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Shaun’s Story

I donated a kidney to my dad 10 years ago, aged 25. To me, it was a no brainer.

Shaun’s Story

We knew that my dad was ill. He never went into the details, but we knew it was something to do with the kidneys. We used to play golf together, but as he got worse he didn’t have the energy for it and had to spend more time resting. At his worst, he couldn’t even walk to the shops.  

The doctor told us that dad’s kidney function was dropping, and that he’d been added to the donor register. As soon as he said that, I immediately offered to donate my kidney. My dad made it clear he wasn’t asking, but that didn’t matter. The moment I knew it was an option, my mind was made up. 

At the time I didn’t know much about kidneys at all, just the basics that I still remembered from school. I knew that you could live with one – my cousin has only had one since she was born, and she’s had no kidney issues. Other than that though, I didn’t know much at all. 

I reached out to the living donor team in Salford. They were absolutely brilliant and talked me through the whole donation process to make sure I knew what I was getting into and what would be involved. 

The tests to see if I was able to donate took longer than I’d expected. They started in August, and I didn’t get the go ahead until March. They weren’t exactly hard, but there were a lot of them and they went on for quite a while. At one point I had to be on a 24-hour blood pressure monitor at home, as they realised my blood pressure kept elevating from worry whenever I was in a hospital, so they wanted to check me in my day-to-day life.  

The operation itself went as well as it possibly could have. Throughout our whole journey, all the healthcare professionals we spoke to were fantastic at giving us information and explaining everything to us. The anaesthetist asked me what music I liked and put it on for me. It was easy!

The first few days after surgery were pretty difficult. The donation team had been great at explaining what to expect and I knew the facts of it all, but you don’t really know how your body will react until you actually experience it. It was very painful at first and I had so little energy. I was used to having the energy levels of a relatively healthy 25-year-old, so it was a bit of a shock. It made me realise – this must have been how my dad felt before the operation. That recovery period put me in his shoes. That time really hit home what he’d been through.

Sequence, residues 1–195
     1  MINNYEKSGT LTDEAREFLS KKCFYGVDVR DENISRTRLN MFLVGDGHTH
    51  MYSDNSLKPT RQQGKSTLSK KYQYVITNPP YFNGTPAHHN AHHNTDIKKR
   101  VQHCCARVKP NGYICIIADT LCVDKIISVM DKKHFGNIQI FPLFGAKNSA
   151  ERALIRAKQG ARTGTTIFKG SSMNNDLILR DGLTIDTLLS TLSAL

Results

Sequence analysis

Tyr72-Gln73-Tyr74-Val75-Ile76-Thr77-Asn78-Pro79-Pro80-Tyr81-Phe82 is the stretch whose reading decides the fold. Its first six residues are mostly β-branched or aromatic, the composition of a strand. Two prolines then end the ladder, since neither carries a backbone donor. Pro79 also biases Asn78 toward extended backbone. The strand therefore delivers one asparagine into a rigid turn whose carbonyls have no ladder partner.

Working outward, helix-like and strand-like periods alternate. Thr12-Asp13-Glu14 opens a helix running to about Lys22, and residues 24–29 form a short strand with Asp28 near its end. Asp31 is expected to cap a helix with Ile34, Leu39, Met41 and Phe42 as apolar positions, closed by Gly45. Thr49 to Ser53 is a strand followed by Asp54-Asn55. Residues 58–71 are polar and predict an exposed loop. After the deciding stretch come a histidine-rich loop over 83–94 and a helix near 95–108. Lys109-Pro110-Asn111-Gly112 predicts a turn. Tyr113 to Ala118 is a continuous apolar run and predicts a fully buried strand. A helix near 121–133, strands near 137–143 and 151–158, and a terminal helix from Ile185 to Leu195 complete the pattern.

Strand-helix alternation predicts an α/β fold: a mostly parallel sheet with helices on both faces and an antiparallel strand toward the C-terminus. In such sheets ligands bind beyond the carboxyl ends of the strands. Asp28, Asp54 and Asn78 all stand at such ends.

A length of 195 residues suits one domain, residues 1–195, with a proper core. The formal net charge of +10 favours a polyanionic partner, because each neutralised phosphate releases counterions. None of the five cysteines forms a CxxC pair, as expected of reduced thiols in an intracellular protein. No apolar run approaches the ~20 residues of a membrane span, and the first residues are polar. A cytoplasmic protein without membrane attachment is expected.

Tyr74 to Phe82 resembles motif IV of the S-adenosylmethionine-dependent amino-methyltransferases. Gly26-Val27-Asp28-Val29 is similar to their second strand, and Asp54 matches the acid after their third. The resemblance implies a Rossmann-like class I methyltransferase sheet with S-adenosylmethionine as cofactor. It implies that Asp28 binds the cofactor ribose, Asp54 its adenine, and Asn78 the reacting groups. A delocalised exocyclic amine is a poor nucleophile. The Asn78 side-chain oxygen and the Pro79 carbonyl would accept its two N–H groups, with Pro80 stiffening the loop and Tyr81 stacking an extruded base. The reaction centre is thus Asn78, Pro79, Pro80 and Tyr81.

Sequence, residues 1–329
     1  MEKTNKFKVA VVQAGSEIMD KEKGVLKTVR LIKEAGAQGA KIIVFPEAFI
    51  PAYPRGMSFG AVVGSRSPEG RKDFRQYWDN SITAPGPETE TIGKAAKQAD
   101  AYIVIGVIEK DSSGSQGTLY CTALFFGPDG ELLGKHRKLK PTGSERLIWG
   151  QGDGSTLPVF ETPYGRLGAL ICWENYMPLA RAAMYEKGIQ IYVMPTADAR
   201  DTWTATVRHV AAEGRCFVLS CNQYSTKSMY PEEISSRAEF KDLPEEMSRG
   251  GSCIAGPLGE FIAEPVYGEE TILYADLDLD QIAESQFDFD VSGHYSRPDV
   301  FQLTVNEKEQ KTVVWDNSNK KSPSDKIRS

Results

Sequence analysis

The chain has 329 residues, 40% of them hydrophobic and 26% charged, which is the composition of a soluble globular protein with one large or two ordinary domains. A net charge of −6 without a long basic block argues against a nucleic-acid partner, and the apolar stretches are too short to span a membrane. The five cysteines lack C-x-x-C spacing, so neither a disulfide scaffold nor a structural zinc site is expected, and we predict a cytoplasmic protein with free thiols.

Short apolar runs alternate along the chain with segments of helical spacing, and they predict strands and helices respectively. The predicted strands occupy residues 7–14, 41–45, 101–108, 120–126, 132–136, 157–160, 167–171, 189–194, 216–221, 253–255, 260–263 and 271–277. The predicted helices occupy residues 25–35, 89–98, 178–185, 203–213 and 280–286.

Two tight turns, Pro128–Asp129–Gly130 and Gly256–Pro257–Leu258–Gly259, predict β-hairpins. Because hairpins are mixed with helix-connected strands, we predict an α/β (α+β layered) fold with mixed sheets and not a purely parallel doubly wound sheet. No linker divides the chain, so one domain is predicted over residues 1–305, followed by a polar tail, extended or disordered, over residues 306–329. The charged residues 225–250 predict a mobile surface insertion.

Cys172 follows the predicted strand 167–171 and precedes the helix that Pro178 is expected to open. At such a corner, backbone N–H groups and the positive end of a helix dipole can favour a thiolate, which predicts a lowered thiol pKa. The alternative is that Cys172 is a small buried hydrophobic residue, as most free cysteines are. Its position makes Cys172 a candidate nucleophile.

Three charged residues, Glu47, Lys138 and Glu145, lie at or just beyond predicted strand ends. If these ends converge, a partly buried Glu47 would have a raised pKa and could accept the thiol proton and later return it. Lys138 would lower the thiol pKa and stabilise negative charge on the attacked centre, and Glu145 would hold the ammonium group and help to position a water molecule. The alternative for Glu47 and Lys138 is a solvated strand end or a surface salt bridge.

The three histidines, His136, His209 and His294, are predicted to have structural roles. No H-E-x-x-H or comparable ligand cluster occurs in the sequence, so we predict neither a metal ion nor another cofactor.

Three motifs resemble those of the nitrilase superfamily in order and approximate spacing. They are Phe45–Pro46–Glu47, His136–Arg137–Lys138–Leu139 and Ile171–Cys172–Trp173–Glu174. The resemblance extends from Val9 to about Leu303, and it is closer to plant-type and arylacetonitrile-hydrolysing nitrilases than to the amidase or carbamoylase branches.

After the operation, another doctor came to me who had been at my operation. I had so many questions I wanted to ask – will my dad be okay? Will his body reject the kidney? What happens now? She explained everything to me, and I got the epic news that the operation had been a success and my dad was doing well. It was incredible to hear he say that, words can’t do it justice!

My dad was in a separate bay of the hospital and we were able to see each other the next day. When we did, the emotions were through the roof! It meant so much that I could be there for him during that time, that we were going through that journey together.  

The pain went away in a few weeks. I still remember my first sneeze while I was recovering, as it was Summer and I suffer from hay fever. It was so painful! But with each day, I felt noticeably better. I was back to work in a couple of months, though I’d arranged a phased return to ease myself back in. In the beginning, I was absolutely shattered after a few hours. I’d say it took me about a year before my energy levels felt back to where they were before. I wouldn’t change a thing and don’t regret donating at all, but it’s important people know that the full recovery can take time.  

Dad’s recovery was incredible. Within a week his energy levels improved and he started feeling better in himself. I got my dad back. He got married later that year, and had a new lease of life. Soon enough he was playing golf three times a week – a huge difference from someone who couldn’t walk to the shops! 

The one bit of advice I’d give someone considering living donation is to get as much information as you can about living kidney donation. It’ll really help you to stop worrying about things just because you don’t know what to expect. The one thing I was worried about was how I’d be looked after by the healthcare staff, when actually they were all amazing. They all made me feel so special!  

During my donation journey, I didn’t look for any community or read stories of people with experience in living donation. In hindsight this is something I wish I’d done. There are definitely people out there who can help and explain what they went through. 

Donating a kidney can be scary and a bit lonely at times, but in the end I was just excited about seeing my dad get better. The difference my donation made to him and the pride I take from being able to give him his life back makes it all worth it a million times over. 

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